Canada is showing leadership on polar bear conservation, but must work quickly to identify critical polar bear habitat and develop its capacity to respond to ecological disasters in the Arctic Ocean, according to a new report by the World Wildlife Fund.
The WWF’s first Polar Bear Scorecard, released late last month, assessed the progress that states with polar bear populations have made toward meeting their commitments under the Circumpolar Action Plan for the Conservation of Polar Bears (CAP) and found that, two years into the 10-year plan, the polar bear range states — Canada, the United States, Denmark (Greenland), Norway and the Russian Federation — have collectively completed just five per cent of their action items. The five nations voluntarily committed to CAP in 2015 after the International Union for the Conservation of Nature (IUCN) reassessed polar bears as “vulnerable” and warned that the loss of Arctic sea ice could threaten the species’ long-term survival.
The Action Plan calls on the polar bear range states to conduct subpopulation assessments, protect key habitat, integrate Indigenous and traditional knowledge into polar bear management plans, and sustainably manage polar bear harvest and trade. The Canadian Arctic is home to two-thirds of the global polar bear population — an estimated 22,000 to 30,000 bears — which places a “major burden” on Canada to set a positive example for the other range states in terms of research and monitoring, says Brandon LaForest, a senior specialist of Arctic species and ecosystems with WWF Canada.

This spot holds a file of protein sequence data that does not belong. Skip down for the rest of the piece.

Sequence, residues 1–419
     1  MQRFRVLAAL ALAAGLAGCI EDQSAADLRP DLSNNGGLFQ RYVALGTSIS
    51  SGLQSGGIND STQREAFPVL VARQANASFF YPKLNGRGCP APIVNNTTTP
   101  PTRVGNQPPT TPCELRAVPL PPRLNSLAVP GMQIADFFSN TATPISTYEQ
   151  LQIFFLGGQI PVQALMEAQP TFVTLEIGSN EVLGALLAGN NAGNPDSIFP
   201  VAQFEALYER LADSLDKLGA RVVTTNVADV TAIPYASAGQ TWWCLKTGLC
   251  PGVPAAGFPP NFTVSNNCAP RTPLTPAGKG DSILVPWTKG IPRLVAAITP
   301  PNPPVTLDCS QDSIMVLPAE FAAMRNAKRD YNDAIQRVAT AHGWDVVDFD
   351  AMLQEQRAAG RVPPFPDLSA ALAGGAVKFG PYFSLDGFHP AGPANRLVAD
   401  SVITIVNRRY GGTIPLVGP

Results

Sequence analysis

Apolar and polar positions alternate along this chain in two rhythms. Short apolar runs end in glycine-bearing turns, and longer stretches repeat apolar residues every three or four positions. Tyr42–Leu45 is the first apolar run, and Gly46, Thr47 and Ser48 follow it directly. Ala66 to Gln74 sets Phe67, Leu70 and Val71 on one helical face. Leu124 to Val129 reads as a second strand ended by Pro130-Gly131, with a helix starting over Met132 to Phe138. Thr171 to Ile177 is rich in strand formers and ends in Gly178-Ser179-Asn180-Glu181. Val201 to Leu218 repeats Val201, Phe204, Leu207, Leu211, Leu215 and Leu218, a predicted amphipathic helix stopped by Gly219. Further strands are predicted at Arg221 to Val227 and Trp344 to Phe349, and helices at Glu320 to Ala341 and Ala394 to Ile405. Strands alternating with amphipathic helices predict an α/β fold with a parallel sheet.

Canada has risen to the challenge, initiating or completing six polar bear subpopulation assessments in the past two years, but more frequent monitoring is needed, along with identification of critical habitat.
“While we give the government full marks for accomplishing those assessments, we don’t think that’s enough in terms of actively managing polar bears in a dynamic environment that is changing,” LaForest says. “Some population assessments are 10, 20 years old, and we can’t use that to actively manage a species that, it is well-documented, is feeling the effects of climate change.”
Canada also urgently needs to develop strategies to deal with increased traffic through a warming Arctic. As shipping and tourism ramp up in the Far North, communities have grown worried about the potential impacts on the Arctic environment.
“We’ve had workshops in Iqaluit, and one of the things we hear over and over again is that communities are afraid of the eventuality of an oil spill. They do not have the tools or the capacity to deal with that, and the coast guard does not have a strong enough presence anywhere in the Arctic to deal with that level of a disaster,” LaForest says.
LaForest notes that polar bear populations are currently stable, but says that ultimately, range states must show greater cooperation on conservation — many bear populations span international borders — and a willingness to talk openly about the biggest threat the bears face: climate change.
“We’d like to see a circumpolar assessment of the critical habitat of polar bears and that includes the last ice area, which is the area in the Canadian archipelago that’s forecast to be the last refuge of summer sea ice as the climate continues to warm,” he says. “We want to see that brought up to the international level and have the range states present a united front.”